|(in thousands of Canadian dollars)|
|Working capital (deficiency)||$||93,154||$||60,661|
In March 2014, Yabuli resorts defaulted on its fourth principal payment of $8.79 million (RMB 50 million) for the RMB 250 million bank loan with China Construction Bank.
2013 MAJOR CORPORATE DEVELOPMENTS
Revenue from Club Med declined in 2013 Summer and Winter Operations
In 2013, Club Med started its second summer operation from July 5th to August 18th, 2013 (44 days in total). In 2012, summer operations started on July 14th and ended on September 2nd (50 days in total). Revenue generated in the summer operations was $0.7 million (2012 – $1.14 million). The decrease in revenue and number of operation days was mainly attributable to Club Med opening its second resort in China (Club Med Guilin Resort) in September. As marketing activity for Club Med Guilin Resort started in advance, many guests were attracted to Guilin instead of Yabuli. Also, Chinese government issued a series of policies since March 2013 when the new generation of national leaders took office in the 12th People’s Congress, which policies aimed at cutting budgets and tightening up spending on government and business reception and entertainment activities. As a result, consumptions in tourism and business reception and entertainment have dropped on a large scale, and operations of Club Med were negatively affected by this general social environment.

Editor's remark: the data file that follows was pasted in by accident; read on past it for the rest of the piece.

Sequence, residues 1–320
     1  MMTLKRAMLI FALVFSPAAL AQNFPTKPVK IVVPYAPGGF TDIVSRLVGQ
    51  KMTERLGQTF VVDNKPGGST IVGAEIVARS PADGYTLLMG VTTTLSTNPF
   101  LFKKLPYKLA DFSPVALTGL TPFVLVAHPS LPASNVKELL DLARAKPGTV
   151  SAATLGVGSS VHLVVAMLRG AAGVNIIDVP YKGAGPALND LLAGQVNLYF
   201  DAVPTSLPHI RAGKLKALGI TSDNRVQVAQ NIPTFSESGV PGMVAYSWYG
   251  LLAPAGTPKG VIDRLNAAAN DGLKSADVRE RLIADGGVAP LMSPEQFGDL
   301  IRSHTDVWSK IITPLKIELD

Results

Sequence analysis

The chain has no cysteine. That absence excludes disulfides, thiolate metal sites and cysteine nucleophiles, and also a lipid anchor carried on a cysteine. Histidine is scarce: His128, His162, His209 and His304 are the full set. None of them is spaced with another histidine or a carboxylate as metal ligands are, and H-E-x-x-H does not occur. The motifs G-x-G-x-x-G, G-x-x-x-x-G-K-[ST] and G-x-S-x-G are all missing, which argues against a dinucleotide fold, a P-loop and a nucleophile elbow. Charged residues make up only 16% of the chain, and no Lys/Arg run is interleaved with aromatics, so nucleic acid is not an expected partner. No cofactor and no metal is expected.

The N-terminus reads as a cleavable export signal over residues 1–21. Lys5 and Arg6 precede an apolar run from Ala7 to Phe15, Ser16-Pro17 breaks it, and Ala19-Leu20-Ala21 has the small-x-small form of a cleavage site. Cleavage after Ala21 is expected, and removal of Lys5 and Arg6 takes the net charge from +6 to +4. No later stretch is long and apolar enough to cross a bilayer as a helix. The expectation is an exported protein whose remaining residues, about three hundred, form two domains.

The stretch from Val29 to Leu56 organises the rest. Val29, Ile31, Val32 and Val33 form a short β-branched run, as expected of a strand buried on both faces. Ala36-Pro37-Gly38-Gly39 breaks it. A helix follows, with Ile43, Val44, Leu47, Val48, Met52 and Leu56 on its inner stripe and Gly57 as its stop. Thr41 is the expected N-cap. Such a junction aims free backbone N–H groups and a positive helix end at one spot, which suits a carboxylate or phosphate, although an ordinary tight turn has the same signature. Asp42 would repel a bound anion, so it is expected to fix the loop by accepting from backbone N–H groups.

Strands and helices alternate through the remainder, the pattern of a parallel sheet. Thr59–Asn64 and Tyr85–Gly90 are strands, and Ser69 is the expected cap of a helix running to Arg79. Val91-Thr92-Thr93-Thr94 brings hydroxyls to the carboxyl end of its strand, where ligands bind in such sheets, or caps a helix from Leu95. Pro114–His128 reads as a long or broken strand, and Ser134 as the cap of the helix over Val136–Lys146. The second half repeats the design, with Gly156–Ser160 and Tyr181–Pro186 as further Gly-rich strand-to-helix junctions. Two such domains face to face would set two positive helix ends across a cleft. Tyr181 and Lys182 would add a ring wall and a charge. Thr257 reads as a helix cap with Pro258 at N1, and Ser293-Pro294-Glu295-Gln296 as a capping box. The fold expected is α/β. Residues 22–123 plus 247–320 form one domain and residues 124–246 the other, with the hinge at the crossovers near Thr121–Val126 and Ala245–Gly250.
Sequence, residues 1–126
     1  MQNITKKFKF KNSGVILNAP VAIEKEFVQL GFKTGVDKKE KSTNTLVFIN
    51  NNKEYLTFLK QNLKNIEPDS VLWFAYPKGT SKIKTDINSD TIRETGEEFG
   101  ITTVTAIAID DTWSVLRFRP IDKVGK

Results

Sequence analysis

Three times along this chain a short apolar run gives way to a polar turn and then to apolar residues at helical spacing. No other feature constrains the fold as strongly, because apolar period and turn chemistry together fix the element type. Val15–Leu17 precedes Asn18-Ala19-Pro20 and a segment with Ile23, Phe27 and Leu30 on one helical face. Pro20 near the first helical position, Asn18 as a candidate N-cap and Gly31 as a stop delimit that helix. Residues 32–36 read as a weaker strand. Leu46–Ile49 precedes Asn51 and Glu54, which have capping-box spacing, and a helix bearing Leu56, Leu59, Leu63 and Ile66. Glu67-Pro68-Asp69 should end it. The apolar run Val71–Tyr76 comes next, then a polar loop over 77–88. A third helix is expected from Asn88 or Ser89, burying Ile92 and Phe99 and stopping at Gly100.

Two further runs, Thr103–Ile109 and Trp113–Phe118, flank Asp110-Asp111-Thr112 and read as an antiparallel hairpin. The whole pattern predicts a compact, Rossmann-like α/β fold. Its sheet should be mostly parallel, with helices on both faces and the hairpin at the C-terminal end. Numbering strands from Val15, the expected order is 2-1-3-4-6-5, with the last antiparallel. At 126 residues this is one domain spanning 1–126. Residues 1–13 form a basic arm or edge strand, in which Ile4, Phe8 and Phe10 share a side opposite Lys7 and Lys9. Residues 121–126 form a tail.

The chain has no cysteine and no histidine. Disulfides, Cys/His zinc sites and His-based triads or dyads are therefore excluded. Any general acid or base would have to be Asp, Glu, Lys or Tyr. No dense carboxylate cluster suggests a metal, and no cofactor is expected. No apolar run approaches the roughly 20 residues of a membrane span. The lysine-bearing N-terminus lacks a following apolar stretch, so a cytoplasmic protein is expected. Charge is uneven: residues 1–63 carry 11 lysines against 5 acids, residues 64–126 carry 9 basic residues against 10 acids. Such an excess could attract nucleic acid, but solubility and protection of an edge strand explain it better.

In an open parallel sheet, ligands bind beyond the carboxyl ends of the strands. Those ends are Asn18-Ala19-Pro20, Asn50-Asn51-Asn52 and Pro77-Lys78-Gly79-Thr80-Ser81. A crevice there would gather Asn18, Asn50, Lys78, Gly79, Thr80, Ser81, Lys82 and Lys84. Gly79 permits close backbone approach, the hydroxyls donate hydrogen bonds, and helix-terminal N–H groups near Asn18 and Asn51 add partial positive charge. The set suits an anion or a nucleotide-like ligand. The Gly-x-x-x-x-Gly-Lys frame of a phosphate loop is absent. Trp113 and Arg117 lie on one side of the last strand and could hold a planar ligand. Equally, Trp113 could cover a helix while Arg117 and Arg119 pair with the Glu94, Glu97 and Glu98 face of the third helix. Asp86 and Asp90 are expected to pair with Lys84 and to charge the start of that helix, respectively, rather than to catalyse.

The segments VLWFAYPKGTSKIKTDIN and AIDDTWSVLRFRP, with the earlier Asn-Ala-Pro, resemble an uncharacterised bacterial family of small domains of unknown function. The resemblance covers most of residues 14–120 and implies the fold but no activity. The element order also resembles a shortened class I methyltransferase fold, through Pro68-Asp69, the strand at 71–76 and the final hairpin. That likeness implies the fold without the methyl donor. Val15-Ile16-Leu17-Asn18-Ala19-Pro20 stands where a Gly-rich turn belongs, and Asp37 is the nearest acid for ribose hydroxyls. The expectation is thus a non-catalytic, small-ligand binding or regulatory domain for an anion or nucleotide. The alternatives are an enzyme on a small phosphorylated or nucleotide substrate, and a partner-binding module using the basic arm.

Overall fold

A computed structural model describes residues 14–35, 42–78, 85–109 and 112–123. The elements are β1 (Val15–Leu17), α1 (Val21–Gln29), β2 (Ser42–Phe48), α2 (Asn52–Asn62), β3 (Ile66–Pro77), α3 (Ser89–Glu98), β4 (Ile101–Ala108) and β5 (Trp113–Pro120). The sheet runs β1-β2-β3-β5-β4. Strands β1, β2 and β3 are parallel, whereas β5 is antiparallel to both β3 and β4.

The 2013-2014 winter season operations commenced on November 29, 2013 and closed on March 23, 2014. Revenue from Club Med was reported to be declined in December 2013 compared to December 2012. With December being the traditional peak season for overseas customers in Christmas vacations, number of foreign guests decreased due to Club Med’s shifted focus on more local customers and reducing its marketing activities in overseas markets. In February, 2014, spring festival vacations boosted sales in domestic market, and from the perspective of the entire winter season which closed in March, 2014, revenue was actually $0.3 million (RMB 1.67 million) higher than 2012-2013 winter operations.
Maturity of Bank Loan from Harbin Commercial Bank Extended to ten years